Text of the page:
Label lowdown: “fair trade”
Are there guarantees that “fair trade” products are truly fair? We asked Charlotte Vallaeys, senior policy analyst at Consumer Reports, to discuss what the phrase means and what various fair trade labels do—and don’t—guarantee.
As Vallaeys summarized, the basic idea behind fair trade labels is that companies purchasing imported agricultural products pay a minimum price (a “fair price”), set globally, as well as a fair trade premium to be used to invest in local communities. Coffee, tea, chocolate and bananas are common products where consumers seek out a fair trade seal.
While Consumer Reports has not issued formal reviews for each label, from her perspective the main labels that provide reliable guarantees are Fair Trade Certified, Fairtrade and Fair for Life.
The standards for all three cover more than a minimum price paid and include requirements for fair and safe working conditions and even pesticide use. When it comes to pesticides, though, she recommends seeking out products that carry the USDA certified label in addition to fair trade labels, as “the fair trade standards don’t go nearly as far as the organic standards in terms of prohibiting the use of toxic and environmentally damaging pesticides.”
Regarding the requirements for fair and safe working conditions, all three labels ensure that the crops weren’t grown by forced (slave) labor or child labor. “The standards are quite detailed in this regard and also include prohibitions on sexual harassment, physical intimidation and abuse of farmworkers,” she said.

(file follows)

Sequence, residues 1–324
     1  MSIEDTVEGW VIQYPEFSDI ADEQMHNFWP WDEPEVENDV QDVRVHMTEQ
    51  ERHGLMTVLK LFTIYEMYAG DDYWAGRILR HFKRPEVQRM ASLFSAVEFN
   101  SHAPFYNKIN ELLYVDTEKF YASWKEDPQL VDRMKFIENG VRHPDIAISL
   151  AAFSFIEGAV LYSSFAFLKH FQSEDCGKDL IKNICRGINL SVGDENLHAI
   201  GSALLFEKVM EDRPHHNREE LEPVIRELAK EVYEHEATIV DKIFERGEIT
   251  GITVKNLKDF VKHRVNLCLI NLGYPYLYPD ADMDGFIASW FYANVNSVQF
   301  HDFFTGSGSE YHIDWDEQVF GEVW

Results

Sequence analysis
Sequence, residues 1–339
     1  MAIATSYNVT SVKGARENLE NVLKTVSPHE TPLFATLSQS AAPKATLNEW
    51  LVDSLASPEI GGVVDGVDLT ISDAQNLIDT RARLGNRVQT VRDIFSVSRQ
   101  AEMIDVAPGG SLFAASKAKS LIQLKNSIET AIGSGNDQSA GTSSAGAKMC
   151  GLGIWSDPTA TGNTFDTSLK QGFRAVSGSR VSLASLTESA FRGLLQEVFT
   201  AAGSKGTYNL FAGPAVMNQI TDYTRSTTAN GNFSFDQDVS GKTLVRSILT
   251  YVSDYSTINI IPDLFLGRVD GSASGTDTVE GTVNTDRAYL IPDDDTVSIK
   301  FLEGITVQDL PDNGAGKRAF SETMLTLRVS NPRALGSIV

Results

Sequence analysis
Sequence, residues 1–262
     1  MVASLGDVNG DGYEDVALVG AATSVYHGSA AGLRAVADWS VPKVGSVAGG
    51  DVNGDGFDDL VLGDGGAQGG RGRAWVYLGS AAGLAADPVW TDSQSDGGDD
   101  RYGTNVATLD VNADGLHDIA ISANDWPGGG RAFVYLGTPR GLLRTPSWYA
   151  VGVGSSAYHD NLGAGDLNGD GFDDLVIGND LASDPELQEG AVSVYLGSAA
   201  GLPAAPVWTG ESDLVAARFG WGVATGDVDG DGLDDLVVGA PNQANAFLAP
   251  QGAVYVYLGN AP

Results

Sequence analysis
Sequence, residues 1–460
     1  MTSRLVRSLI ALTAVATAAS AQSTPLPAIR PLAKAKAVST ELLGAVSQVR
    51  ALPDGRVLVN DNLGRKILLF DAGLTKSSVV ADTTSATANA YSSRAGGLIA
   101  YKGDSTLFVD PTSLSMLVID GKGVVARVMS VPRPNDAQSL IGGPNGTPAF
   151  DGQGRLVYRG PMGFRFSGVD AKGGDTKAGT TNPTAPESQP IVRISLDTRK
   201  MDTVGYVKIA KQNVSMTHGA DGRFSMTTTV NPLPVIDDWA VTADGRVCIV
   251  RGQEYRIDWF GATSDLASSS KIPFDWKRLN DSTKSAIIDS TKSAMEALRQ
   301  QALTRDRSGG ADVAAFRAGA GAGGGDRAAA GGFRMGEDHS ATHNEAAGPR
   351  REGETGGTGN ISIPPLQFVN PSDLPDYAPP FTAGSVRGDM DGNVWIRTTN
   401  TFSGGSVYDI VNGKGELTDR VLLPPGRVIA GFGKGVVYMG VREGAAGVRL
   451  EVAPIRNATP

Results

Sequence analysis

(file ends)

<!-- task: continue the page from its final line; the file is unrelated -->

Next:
Fair trade labels originally came out of the movement to connect directly with small-scale farmers who were paid a fair price, rather than large farms with hired workers. But in September 2011, she noted, the organization behind the Fair Trade Certified label began certifying large farms with hired farmworkers as well, using a separate set of standards (the organization continues to certify products purchased directly from small-scale farmers and cooperatives as well). Therefore, consumers who want to be sure their coffee and cocoa is purchased directly from small-scale farmers or farmer cooperatives should look for the Fairtrade seal, rather than Fair Trade Certified.
What percentage of the ingredients in a product have to be certified in order to carry the label? Fairtrade and Fair for Life have stricter requirements—all ingredients that are available to be certified fair trade must be certified in order to use their seal. Fair Trade Certified allows the use of the seal on the front of the package if only some of the ingredients are certified. So you could see that seal, for instance, on iced coffee made with fair trade coffee beans but non-fair trade certified cane sugar.
If there’s a label you’d like us to address, send recommendations to email@example.com.